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FRI0307 An outcome survey of 100 patients with cerebral venous sinus thrombosis due to behÇet's syndrome followed up at a single, dedicated center
  1. EA Kurt1,
  2. Y Ozguler1,
  3. N Kocer2,
  4. D Ucar3,
  5. U Uygunoglu4,
  6. C Islak2,
  7. S Ugurlu1,
  8. G Hatemi1,
  9. S Saip4,
  10. M Melikoglu1,
  11. I Fresko1,
  12. V Hamuryudan1,
  13. Y Ozyazgan3,
  14. S Yurdakul1,
  15. A Siva4,
  16. H Yazici1,
  17. E Seyahi1
  1. 1Department of Internal Medicine Division of Rheumatology
  2. 2Department of Radiology
  3. 3Department of Ophthalmology
  4. 4Department of Neurology, Istanbul University Cerrahpasa Medical Faculty, Istanbul, Turkey

Abstract

Background Behcet's syndrome (BS) is a well-recognized cause of cerebral venous sinus thrombosis (CVST).

Objectives We aimed to assess the outcome of a large cohort of patients with CVST due to BS attending a single dedicated center.

Methods We identified 100 (81 M/19 F) patients with BS who were diagnosed as having CVST. All contacted were called back to the outpatient clinic for clinical and imaging re-evaluation.

Results The mean age of the patients at the onset of the symptoms was 28±10 years. A total of 48 patients developed CVST before or at the onset of ISG fulfillment, while 52 developed CVST after a median 3 [2–8] years of ISG fulfillment. Superior sagittal (n=47) and transverse sinuses (n=46) were most commonly involved followed by sigmoid sinus (n=26) and jugular vein thrombosis (n=15).

A total of 59 (53 M/ 6 F) patients had vascular involvement in addition to CVST: these were deep vein thrombosis of the lower extremities (n=47), pulmonary artery involvement (n=17), Budd-Chiari syndrome (n=9), vena cava superior thrombosis (n=6) and major arterial disease (n=3). In about half (32/59), CVST preceded any type of additional vascular involvement. Eye involvement was seen in 37, parenchymal CNS involvement in 8 (all later than CVST) and gastrointestinal involvement in 5 patients.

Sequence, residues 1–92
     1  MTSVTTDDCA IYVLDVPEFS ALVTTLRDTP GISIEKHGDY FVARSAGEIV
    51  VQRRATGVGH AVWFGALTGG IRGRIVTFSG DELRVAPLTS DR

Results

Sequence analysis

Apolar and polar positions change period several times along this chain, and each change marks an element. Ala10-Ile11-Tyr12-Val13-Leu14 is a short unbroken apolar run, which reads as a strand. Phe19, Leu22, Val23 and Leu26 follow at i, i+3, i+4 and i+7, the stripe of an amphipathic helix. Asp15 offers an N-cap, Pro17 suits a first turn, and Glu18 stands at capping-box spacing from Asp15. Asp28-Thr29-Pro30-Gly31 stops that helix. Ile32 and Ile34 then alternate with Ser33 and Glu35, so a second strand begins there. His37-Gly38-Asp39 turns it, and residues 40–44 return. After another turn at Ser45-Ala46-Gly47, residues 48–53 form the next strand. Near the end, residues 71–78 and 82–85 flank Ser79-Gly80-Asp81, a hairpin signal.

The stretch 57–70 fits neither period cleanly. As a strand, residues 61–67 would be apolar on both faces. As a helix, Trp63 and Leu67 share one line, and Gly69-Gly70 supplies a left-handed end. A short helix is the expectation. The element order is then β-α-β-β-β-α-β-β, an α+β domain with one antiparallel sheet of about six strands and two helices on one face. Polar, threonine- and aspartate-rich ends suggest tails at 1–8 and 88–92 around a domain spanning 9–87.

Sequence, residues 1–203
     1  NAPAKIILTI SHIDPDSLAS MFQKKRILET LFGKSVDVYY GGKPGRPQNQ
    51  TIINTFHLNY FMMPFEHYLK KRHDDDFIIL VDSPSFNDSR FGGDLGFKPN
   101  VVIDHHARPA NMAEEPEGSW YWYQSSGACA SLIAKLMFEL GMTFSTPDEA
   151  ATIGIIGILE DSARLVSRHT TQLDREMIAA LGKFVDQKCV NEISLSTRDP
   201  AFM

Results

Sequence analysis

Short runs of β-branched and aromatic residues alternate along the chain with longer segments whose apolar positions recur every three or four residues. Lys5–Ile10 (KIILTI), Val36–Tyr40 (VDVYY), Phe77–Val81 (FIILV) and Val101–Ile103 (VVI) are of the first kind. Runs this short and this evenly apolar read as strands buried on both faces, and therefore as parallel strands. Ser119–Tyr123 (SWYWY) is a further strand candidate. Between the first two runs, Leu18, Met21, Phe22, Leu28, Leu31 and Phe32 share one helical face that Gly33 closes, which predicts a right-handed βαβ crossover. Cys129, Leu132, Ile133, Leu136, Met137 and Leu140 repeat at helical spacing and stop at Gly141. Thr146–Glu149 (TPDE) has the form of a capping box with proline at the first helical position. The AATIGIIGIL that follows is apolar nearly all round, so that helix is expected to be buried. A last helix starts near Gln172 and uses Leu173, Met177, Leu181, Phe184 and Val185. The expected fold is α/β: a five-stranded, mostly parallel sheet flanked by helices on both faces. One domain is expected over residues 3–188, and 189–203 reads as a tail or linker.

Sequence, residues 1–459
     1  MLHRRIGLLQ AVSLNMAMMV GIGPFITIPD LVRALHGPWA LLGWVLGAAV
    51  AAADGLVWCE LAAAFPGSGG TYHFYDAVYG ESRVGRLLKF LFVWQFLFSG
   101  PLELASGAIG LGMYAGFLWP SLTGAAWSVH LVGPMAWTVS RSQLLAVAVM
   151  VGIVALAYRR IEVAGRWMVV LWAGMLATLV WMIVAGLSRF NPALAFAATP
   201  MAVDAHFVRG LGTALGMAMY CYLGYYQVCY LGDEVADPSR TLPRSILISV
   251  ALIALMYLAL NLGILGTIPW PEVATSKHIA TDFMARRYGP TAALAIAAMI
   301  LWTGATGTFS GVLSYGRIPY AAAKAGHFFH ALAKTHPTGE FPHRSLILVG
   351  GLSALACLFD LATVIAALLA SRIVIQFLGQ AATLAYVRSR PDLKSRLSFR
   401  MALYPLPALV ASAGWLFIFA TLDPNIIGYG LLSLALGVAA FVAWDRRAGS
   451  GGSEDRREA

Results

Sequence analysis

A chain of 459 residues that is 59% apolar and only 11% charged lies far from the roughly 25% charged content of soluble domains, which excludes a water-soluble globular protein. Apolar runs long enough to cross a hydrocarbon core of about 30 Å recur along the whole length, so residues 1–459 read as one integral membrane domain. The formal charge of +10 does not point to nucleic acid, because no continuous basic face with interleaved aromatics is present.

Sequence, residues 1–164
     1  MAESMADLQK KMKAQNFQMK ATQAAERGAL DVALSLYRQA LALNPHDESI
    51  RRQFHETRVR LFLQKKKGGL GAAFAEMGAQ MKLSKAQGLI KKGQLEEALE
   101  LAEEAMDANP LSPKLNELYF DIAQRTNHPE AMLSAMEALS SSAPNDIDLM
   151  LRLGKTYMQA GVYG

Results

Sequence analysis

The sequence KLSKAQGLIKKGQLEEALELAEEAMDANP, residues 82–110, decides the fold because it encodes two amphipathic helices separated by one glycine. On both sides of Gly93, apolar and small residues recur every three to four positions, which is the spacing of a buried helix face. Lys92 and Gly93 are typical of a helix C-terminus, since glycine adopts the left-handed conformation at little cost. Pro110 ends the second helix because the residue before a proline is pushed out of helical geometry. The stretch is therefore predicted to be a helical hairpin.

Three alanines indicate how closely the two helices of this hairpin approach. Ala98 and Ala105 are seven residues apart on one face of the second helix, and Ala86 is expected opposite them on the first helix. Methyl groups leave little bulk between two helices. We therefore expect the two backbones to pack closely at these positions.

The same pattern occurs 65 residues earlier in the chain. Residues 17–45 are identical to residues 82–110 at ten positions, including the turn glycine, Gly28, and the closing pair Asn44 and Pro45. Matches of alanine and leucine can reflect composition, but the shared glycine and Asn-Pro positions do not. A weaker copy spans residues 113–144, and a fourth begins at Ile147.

Seven patients had died. By the end of the study, 87 patients were alive and contacted with a median follow-up time of 11 [6–15] years. Only 6 patients had a relapsing CVST course.

Information about medical treatment was present in detail in 87 patients of whom 75 received short courses of glucocorticoids with (n=12) or without anti-coagulants. A total of 81 patients received immunosuppressive agents, most commonly azathioprine. Four patients underwent lumbo-peritoneal shunting surgery (1 was successful) and 1 with arterio-venous fistula underwent vascular embolization.

Fifty patients were re-evaluated at the clinic. None had of symptoms of intracranial hypertension. Ophthalmological examination showed that 17 patients had complications such as bilateral optic atrophy (n=3), bilateral papilledema (n=5), bilateral optic disc pallor (n=4) and fibrotic scars around optic disc (n=5). Sensorineural type hearing loss was detected in 4 patients. Neurological examination was found to be normal in 43 patients with isolated CSVT, whereas abnormal in the remaining 7 patients with concomitant parenchymal CNS involvement.

Cranial MR/MR venographies at the end of follow-up, were abnormal in 36 patients showing occlusion/ irregularity/ hypoplasia or collaterals in the sagittal (n=19) or transverse sinus (n=17). In the remaining 14, MR venographies were normal.

Conclusions CVST due to BS is closely associated with vascular involvement in the body and may be considered as a risk factor for future vascular involvement. CVST relapses are rare; however, the course is not uneventful: visual acuity or field may be impaired totally or partially because of optic disc atrophy; in addition hearing deficits may occur.

Disclosure of Interest None declared

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